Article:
31 January 2019 You are here:

Rough sleeper count is an underestimate of the true scale, says Salvation Army

rough sleeper count

 

31 January 2019

Rough sleeper count is an underestimate of the true scale, says Salvation Army

Following the publication of today’s Rough Sleeping Statistics Autumn 2018, The Salvation Army remains extremely concerned by the high levels of rough sleeping that are being witnessed across England. The total number of people estimated to have slept rough in England in 2018 was 4,677. This represents an increase of 165 percent in levels of rough sleeping since 2010.

However it’s important to recognise these figures do not give an accurate picture of the scale of homelessness and rough sleeping. There are fundamental issues with the methods used for the rough sleeping counts, which inform the statistics, and as such The Salvation Army believes that these figures are likely to represent an underestimate of the true scale of rough sleeping in England. 

In larger urban areas, The Salvation Army continues to urge the government to consider rolling out something similar to the Combined Homelessness & Information Network (CHAIN), which currently monitors levels of rough sleeping in London year round. This would provide a much clearer picture of actual levels of rough sleeping in England, as well as how best to support people who find themselves in this situation.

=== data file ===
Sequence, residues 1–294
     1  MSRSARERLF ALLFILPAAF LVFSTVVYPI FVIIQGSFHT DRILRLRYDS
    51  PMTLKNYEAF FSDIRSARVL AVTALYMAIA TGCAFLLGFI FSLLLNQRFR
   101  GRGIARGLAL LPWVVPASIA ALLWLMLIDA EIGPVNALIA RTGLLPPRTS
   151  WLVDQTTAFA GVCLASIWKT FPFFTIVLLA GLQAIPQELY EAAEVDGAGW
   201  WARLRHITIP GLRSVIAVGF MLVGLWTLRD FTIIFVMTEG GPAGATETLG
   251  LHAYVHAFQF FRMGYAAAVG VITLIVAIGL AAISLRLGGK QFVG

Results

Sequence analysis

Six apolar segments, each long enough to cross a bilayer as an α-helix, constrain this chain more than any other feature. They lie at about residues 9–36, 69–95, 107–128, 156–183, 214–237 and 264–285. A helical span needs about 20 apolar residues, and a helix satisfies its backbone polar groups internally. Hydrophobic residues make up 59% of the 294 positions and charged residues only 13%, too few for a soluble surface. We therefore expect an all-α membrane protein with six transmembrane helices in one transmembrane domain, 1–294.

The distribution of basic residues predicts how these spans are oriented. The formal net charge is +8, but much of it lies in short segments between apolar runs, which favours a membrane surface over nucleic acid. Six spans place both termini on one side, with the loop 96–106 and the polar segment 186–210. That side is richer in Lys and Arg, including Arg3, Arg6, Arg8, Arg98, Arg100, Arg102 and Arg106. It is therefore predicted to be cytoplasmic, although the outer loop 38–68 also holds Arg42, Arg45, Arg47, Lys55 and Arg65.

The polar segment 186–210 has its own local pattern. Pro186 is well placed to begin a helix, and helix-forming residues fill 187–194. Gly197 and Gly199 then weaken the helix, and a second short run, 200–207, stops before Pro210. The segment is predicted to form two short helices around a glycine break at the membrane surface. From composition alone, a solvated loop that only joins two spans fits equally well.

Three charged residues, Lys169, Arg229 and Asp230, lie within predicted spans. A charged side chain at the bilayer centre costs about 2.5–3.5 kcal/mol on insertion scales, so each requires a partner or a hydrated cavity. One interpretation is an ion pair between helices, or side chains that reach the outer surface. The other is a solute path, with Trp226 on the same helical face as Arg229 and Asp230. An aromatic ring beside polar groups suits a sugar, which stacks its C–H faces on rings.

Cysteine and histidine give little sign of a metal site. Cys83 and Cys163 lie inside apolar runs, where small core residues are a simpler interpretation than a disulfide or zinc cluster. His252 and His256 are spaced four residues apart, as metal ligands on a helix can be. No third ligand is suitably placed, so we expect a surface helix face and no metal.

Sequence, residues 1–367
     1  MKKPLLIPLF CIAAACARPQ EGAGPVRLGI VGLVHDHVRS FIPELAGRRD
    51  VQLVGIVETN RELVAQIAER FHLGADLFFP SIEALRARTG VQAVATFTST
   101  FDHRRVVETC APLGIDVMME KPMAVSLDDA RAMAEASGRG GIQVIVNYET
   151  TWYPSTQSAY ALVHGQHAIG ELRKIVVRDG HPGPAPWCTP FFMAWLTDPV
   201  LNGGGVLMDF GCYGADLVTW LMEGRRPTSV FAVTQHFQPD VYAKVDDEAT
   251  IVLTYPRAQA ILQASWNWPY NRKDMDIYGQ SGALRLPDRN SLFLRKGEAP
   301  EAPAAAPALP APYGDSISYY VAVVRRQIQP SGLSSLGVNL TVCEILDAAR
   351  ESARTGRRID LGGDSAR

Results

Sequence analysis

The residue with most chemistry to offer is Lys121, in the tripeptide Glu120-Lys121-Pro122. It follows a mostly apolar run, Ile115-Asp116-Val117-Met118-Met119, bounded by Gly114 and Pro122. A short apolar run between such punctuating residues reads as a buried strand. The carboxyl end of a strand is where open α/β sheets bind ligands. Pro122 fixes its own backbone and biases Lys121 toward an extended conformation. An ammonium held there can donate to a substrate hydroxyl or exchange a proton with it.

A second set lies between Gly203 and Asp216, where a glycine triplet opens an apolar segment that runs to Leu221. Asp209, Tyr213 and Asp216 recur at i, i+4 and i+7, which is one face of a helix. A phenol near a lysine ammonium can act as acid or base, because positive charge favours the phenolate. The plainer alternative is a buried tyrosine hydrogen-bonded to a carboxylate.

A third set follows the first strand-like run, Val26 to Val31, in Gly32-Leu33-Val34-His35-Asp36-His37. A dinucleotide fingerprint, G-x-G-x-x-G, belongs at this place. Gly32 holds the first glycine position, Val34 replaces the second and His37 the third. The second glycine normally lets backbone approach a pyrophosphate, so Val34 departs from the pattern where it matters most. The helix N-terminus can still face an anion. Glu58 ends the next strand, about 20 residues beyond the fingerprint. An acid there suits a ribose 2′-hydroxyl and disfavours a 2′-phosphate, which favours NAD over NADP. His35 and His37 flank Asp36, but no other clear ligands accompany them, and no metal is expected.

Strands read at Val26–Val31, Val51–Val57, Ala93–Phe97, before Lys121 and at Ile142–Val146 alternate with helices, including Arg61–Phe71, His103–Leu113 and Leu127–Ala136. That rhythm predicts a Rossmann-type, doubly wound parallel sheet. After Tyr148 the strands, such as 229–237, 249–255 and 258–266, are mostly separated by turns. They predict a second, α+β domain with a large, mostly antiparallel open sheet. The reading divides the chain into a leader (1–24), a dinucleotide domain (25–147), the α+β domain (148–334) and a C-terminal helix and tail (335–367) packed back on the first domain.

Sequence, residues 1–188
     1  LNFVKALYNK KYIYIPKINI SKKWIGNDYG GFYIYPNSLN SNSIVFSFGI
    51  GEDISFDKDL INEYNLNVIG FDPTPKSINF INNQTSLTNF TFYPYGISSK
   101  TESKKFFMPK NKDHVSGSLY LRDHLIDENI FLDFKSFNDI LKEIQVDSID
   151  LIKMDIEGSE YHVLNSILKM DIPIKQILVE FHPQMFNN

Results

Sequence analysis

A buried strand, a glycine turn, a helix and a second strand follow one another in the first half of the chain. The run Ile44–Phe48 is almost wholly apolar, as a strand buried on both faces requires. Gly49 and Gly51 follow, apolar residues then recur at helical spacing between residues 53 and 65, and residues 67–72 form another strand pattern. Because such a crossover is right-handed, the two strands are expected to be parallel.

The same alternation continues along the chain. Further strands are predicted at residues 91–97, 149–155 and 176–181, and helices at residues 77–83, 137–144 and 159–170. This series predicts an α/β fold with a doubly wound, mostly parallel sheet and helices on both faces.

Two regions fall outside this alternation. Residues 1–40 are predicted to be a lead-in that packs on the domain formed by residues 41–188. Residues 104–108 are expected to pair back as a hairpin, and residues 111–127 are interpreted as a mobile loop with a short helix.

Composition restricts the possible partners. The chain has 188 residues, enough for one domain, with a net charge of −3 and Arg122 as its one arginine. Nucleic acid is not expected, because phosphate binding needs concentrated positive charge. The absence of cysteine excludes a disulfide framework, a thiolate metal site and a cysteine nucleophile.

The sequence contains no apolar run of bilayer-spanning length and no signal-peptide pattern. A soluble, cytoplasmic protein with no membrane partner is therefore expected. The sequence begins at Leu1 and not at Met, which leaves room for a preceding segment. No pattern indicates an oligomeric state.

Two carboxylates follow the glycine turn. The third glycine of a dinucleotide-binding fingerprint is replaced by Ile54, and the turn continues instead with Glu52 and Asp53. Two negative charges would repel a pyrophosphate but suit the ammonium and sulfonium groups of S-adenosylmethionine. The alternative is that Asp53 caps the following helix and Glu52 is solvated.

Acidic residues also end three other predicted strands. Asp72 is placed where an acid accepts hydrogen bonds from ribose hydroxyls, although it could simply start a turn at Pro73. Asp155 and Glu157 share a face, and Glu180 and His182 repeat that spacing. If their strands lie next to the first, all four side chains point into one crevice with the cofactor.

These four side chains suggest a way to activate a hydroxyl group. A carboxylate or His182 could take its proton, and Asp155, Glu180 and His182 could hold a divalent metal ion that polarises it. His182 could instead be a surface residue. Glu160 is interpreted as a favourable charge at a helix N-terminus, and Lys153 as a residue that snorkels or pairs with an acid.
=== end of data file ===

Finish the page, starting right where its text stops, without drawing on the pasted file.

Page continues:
The Salvation Army believes it’s vital that the government’s rough sleeping strategy receives adequate funding to turn many of its laudable initiatives into practical realities. Local authorities remain under incredible financial pressure, which is invariably hampering their efforts to help resolve issues of rough sleeping in their local areas.  

Like many others, The Salvation Army is awaiting the outcome of the ongoing Fair Funding Review, which will be used to determine how much funding local authorities will have to tackle rough sleeping from 2020 onwards. 

Unless local authorities are to receive a fair settlement to tackle homelessness and rough sleeping based on a range of measures, and not simply the size of their local populations, it is very difficult to see how the government will be able to achieve its stated ambition of halving rough sleeping by 2022, and eradicating it entirely by 2027.

Rough sleeping is dangerous, and cold weather can be very tough for people who are homeless. As temperatures across the country are close to freezing, The Salvation Army will be working together with local organisations and volunteers to run night shelters, giving rough sleepers somewhere safe to stay overnight. We’ll also be opening up beds at our residential lifehouses to increase the capacity for people who need it. Not only this, we offer drop-in services that offer meals, showers, laundry facilities, access to medical attention, and crucially, provide advice services that aim to get rough sleepers off the street and back into independent living.

The Salvation Army would encourage members of the public who are concerned about rough sleeping to download and use the free StreetLink app. The app helps to ensure that people who are sleeping rough can be connected with local services quickly and directly.